For a related story on the progress of the Chinese economy, read China’s economy 70 years on: A tale of two women.
In the seven decades since Mao Zedong founded the People’s Republic of China, the country has gone from being one of the world’s weakest economies to one of its strongest. The country is marking the anniversary on Tuesday.
Today, it has grown to become the world’s second-largest economy after the United States as of end-2018 and is set to come out on top by 2030, according to a report by consultancy firm PriceWaterhouse Coopers.
“By the end of 2018, GDP per capita in China rose to $9,732, surging by 180 times over that of 1952,” the report said.
Although it still ranks 80th in the world in terms of GDP per capita – and is far behind the US which is 6.4 times higher – the gap has narrowed significantly over the past 67 years since China began recording GDP statistics, PWC noted.
China’s economic growth accelerated mostly due to reforms in the late 1970s led by then-Communist Party leader Deng Xiaoping. He lowered trade barriers, allowed market forces to determine prices and boosted investment.
“Deng’s motivations were driven by the recognition that the planned-economy model, along with political instability, had left China weak economically and decades behind in terms of economic development,” Diana Choyleva, Chief Economist at Enodo Economics told Al Jazeera.
“The only way to avoid more economic distress and political upheaval was to instigate China’s opening up to the rest of the world and to start introducing market forces.”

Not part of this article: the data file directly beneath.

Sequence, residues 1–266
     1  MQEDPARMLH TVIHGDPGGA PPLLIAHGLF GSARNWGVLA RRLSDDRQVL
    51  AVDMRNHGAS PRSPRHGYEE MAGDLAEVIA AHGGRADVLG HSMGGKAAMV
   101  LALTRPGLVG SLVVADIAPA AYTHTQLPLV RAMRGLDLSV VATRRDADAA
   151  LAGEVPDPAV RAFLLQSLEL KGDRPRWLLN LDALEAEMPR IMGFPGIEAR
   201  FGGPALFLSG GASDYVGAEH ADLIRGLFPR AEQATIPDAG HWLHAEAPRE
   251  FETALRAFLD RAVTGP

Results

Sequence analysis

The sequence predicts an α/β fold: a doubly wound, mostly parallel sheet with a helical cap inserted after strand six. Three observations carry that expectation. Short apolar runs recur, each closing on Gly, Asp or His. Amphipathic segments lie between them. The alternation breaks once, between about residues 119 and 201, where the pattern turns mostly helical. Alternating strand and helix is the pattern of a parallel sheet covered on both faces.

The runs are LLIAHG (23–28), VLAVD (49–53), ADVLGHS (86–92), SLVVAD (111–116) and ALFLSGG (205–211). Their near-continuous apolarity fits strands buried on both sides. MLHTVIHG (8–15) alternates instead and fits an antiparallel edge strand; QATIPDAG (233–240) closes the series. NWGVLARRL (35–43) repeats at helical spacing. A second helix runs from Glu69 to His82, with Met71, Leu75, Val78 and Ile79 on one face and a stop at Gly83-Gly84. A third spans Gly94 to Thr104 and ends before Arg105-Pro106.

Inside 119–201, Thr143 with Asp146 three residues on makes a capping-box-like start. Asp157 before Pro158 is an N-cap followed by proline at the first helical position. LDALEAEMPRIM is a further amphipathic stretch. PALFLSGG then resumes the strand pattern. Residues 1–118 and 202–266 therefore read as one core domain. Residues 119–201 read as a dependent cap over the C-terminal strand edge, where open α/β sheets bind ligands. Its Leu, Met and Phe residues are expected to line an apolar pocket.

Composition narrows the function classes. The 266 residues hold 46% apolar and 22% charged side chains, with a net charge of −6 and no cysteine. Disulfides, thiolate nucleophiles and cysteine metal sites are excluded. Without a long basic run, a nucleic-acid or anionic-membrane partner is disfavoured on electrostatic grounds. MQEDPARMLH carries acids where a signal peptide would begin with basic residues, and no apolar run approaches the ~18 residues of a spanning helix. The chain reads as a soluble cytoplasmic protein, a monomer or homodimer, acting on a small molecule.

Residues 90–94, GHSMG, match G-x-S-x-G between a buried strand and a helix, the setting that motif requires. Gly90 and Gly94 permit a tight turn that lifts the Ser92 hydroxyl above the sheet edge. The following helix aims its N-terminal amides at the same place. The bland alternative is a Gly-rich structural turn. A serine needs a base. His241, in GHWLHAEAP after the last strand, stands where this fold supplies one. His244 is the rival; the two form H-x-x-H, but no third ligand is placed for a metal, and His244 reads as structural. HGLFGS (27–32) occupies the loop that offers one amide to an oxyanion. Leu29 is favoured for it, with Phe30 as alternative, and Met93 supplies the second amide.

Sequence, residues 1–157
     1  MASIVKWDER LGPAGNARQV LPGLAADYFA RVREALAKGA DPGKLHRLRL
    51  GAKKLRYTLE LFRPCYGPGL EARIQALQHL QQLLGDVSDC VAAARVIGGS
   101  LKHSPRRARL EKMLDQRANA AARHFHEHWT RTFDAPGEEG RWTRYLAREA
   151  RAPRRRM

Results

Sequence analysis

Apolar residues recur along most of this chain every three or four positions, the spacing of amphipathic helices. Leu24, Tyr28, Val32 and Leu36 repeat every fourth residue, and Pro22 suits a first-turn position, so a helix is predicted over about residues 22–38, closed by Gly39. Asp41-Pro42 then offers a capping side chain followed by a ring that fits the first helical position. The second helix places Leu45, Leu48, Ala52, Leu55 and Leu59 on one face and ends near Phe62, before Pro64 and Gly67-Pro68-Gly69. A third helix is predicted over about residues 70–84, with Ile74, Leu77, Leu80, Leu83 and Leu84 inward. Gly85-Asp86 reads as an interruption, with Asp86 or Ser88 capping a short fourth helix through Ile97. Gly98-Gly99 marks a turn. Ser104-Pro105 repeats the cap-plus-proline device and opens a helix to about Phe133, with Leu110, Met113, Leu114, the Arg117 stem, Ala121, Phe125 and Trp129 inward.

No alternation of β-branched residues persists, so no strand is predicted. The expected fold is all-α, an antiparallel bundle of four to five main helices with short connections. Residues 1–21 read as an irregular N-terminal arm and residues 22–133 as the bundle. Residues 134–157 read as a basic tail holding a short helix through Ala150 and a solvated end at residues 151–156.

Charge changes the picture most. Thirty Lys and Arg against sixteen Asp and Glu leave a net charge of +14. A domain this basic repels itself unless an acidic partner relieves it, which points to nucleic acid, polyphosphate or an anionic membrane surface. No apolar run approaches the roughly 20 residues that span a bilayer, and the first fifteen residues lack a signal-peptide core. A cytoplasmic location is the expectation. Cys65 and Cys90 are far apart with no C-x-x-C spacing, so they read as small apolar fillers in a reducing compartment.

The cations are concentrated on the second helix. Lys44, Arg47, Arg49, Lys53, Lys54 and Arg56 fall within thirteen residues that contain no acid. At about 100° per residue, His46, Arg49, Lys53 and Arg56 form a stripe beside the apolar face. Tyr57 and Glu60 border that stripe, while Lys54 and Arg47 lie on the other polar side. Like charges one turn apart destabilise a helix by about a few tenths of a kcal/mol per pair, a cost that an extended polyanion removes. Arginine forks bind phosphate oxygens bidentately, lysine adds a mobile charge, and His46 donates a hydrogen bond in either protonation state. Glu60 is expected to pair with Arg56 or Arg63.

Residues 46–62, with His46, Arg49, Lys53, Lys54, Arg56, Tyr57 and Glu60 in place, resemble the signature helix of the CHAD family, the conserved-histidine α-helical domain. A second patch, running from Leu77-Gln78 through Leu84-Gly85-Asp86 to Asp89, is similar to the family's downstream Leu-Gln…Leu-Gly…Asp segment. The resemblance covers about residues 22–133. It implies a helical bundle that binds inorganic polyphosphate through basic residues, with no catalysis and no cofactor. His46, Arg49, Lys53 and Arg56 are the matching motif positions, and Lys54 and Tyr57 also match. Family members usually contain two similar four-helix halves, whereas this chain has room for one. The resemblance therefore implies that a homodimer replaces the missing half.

In 1979, China re-established diplomatic relations with the US and joined the World Trade Organization in 2001, a key catalyst for growth, said Choyleva.
Economic growth took off over the next decade, leading to the industrialisation of China’s economy and the growth of its services sector.
Another characteristic that has marked China’s economic rise is the growth of private firms, which were virtually nonexistent prior to 1978. While state-owned enterprises are still a large contributor to China’s economic engine, private firms make up more than half its GDP.
Parallel to the rise of private enterprise is the growing prominence of the Chinese billionaire. Names like Jack Ma of Alibaba and Pony Ma of Tencent (who are not related) have become synonymous with corporate success not only in China but also globally.
They have not been alone, as a growing number of Chinese billionaires are clinching spots among the world’s richest people.
Between 2015 – when the Hurun Report first ranked China’s wealthiest – and 2018, the number of Chinese billionaires among the top 100 richest people in the world has almost doubled to 13 from seven.
However, inequality has also been on the rise in China.
In research published by the London School of Economics earlier this year, French economist Thomas Piketty and two colleagues said: “By our estimates, the share of national income earned by the top 10 percent of the population has increased from 27 percent in 1978 to 41 percent in 2015, while the share earned by the bottom 50 percent has dropped from 27 percent to 15 percent.”
According to Enodo’s Choyleva, China’s business model of investment and export-led growth must move to one that is driven by domestic consumption.
“The Communist Party knows this but the problem is that such a fundamental shift takes time and the transition will inevitably lead to slower growth,” she said.
Still, failing to adopt these much-needed structural changes could force the country’s leadership towards changes that will be “even more painful”, Choyleva said.